Devils Lake Outlets running full throttle

Louise Oleson Journal Managing Editor
The outflow from the west end outlet on Devils Lake is flowing into the channel that feeds the Sheyenne River at a location not far from Oberon, N.D.

Devils Lake’s level today is 1,449.93 feet above sea level, a far cry from the high of 1,454.40 on June 27, 2011, and yet the lake is still considered at flood stage because it remains above 1,446 - the established level where Devils Lake starts flowing into Stump Lake and the two become one. Official action by both the Devils Lake City Commission and the Ramsey County Commission established the level of Devils Lake at 1,446; anything above that is flooding.

Using that criteria, the lake still has some ways to go before it is no longer considered at flood stage.

At a Devils Lake Outlets Management Advisory Committee meeting held May 3 in Carrington, Governor Jack Dalrymple asked those gathered around the room what goal they wanted to set for Devils Lake for this year.

Local representative on that board Arne Berg said, “Eight members put down 1,448 as the goal for 2016, a decline of two more feet.”

Though there were others who put down much higher numbers, the governor agreed with the majority and set the number at 1,448.

Berg reported they’d gone around the room and given reports on what had transpired since the last time they’d met. Many were optimistic about Devils Lake flooding since the lake has gone down over four feet since its high.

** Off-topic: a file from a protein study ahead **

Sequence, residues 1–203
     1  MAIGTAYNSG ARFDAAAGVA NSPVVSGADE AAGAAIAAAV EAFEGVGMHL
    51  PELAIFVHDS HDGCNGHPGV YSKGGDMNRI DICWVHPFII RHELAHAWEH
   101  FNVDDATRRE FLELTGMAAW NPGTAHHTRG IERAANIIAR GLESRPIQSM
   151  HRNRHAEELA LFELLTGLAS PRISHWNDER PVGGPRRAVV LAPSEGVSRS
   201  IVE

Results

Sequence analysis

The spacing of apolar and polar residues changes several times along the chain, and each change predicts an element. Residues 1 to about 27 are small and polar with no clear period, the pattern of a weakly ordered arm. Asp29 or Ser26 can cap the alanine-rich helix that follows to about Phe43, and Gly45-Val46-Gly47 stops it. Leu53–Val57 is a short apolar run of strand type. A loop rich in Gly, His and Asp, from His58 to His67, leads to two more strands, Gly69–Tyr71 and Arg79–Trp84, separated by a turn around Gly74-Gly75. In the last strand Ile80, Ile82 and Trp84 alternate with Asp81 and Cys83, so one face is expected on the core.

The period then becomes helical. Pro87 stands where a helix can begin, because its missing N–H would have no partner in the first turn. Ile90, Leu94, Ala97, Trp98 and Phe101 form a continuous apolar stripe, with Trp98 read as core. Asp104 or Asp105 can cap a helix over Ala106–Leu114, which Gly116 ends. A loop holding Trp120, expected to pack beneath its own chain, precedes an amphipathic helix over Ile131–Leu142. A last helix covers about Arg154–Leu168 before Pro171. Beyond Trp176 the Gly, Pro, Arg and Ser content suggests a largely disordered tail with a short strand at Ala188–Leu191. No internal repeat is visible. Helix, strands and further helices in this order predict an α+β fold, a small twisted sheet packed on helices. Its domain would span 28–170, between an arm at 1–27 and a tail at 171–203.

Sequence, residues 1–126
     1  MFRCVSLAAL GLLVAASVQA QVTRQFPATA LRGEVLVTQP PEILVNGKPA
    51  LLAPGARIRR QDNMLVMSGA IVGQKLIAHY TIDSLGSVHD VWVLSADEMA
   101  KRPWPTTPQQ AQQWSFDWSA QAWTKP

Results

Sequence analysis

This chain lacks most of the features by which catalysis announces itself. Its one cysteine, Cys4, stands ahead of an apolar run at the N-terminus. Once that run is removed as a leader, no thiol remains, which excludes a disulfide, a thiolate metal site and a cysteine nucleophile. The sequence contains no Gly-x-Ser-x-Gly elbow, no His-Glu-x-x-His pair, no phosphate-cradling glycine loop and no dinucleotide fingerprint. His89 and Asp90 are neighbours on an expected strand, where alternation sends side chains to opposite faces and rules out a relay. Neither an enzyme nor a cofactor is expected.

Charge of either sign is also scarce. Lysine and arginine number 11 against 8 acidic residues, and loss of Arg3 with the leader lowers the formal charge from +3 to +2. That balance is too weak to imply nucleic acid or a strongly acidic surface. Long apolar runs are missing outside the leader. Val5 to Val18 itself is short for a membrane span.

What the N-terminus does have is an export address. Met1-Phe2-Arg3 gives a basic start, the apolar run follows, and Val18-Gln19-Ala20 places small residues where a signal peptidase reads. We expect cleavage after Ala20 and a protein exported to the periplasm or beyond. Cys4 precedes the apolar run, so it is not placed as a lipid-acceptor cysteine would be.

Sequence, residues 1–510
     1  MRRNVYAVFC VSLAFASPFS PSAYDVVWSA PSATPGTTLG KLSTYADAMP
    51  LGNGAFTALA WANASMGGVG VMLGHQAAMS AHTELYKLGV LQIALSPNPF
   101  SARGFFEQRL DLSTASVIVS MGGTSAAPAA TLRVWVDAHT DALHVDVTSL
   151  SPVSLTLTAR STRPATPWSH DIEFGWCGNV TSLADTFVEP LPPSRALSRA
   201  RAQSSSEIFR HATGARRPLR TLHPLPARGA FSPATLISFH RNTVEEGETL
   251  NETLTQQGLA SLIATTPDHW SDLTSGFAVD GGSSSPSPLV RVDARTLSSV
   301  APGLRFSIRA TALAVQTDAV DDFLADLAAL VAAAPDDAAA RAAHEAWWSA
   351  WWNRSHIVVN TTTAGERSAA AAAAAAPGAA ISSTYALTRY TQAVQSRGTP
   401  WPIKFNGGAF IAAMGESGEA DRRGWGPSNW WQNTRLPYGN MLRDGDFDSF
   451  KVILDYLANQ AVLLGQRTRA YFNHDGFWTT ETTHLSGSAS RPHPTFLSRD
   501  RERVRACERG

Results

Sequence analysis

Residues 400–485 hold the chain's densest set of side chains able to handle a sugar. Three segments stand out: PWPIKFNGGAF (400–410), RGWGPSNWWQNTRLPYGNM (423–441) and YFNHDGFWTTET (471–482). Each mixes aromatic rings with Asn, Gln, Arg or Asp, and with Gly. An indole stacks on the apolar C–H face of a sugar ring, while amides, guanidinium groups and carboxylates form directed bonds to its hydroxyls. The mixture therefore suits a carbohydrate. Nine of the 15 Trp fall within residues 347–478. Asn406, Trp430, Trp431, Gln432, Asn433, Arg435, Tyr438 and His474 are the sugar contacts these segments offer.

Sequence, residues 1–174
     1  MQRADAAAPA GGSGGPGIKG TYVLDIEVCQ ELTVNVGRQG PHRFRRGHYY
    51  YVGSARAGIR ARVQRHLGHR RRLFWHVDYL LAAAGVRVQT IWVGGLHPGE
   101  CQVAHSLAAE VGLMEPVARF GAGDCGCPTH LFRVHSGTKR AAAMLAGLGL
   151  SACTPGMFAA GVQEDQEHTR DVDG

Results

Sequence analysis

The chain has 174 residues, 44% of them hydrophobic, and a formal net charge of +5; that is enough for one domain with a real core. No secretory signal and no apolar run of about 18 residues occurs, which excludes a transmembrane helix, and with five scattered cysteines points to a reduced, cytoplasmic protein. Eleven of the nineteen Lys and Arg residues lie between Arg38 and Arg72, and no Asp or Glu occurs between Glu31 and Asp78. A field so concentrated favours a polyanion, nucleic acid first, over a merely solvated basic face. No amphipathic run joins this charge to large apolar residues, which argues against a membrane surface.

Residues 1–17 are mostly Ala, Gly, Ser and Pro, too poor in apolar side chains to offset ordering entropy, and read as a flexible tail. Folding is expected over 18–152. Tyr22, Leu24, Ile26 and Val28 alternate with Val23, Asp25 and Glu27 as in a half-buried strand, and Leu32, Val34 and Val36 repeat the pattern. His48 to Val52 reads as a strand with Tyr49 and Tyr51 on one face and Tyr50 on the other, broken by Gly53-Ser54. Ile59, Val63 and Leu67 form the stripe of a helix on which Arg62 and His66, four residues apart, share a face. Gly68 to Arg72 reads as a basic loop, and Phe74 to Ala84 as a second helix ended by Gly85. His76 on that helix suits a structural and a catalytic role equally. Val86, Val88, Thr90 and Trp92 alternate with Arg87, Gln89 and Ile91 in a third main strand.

One of the reasons that the lake has gone down is because the state’s outlets located on the west end and the east end of Devils Lake have worked off and on to make it so.

Jeff Trana, maintenance expert who works with these outlets day after day, said it’s an on-going challenge to stay ahead of the maintenance and repair issues the outlets have. “The outlet at the west end, Round Lake, is much more complicated than the one on the east end,” Trana explained. He was seated at the electronic monitoring command center located beside the 74-foot tall Round Lake stand pipe just off Highway 281 south of Minnewaukan.

“You don’t just throw the switch and walk away,” he admitted.

There are daily monitoring of the pumps, round the clock, daily checks of the pump sites and weekly drives from one end to the other to keep on top of whatever may come up. Trana shares this work with Del Nordrum and Scott Mehring, who is on contract through the Garrison Diversion District.

Last spring the Sheyenne River was full, so they had to shut the west end pumps off several times. This year, the river is down, so water from the west end is allowed to run freely through the pumps, the 13 miles of open channel and four miles of pipeline to mingle with and, yes, freshen the river. Sulfate levels on the west end are far lower than found even in the river when it is running low, Trana said.

It is the sulfate levels that concern downstream residents as those communities, like Valley City, use the Sheyenne as the source for their drinking water.

As long as those levels remain within the accepted range, the pumps will continue to take water off Devils Lake at the present rate of 250 cubic feet per second. When the lake level gets down to 1,448, the Water Commission will review and determine what will happen next.